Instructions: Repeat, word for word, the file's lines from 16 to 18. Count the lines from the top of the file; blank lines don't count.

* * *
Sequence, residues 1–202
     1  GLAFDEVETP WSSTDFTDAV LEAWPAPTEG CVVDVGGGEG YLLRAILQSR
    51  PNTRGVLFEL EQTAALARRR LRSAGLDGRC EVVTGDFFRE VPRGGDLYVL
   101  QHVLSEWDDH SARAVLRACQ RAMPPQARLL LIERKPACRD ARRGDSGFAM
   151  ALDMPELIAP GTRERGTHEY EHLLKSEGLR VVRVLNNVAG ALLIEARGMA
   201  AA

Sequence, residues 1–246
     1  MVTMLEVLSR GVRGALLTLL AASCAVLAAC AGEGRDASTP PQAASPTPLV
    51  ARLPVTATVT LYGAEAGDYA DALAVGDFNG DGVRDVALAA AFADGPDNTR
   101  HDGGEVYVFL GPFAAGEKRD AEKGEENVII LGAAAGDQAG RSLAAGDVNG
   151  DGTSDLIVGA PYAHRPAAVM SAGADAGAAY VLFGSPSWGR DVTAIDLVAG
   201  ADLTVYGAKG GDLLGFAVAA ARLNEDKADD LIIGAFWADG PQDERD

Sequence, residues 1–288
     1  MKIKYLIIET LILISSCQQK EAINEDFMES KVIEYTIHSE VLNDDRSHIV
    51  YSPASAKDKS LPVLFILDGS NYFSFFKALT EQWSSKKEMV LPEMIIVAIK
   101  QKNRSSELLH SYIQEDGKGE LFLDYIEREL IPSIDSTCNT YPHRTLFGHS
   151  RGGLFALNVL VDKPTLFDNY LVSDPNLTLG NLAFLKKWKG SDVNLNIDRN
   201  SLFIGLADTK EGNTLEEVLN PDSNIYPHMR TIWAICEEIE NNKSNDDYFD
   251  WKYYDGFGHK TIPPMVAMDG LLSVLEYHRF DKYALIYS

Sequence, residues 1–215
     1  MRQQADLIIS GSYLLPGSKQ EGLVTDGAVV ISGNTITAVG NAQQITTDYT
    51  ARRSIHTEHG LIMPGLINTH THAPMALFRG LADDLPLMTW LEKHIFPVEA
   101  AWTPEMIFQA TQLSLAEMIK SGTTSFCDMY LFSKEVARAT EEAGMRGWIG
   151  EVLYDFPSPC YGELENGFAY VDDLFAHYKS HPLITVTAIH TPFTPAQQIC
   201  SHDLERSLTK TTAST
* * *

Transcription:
   101  QKNRSSELLH SYIQEDGKGE LFLDYIEREL IPSIDSTCNT YPHRTLFGHS
   151  RGGLFALNVL VDKPTLFDNY LVSDPNLTLG NLAFLKKWKG SDVNLNIDRN
   201  SLFIGLADTK EGNTLEEVLN PDSNIYPHMR TIWAICEEIE NNKSNDDYFD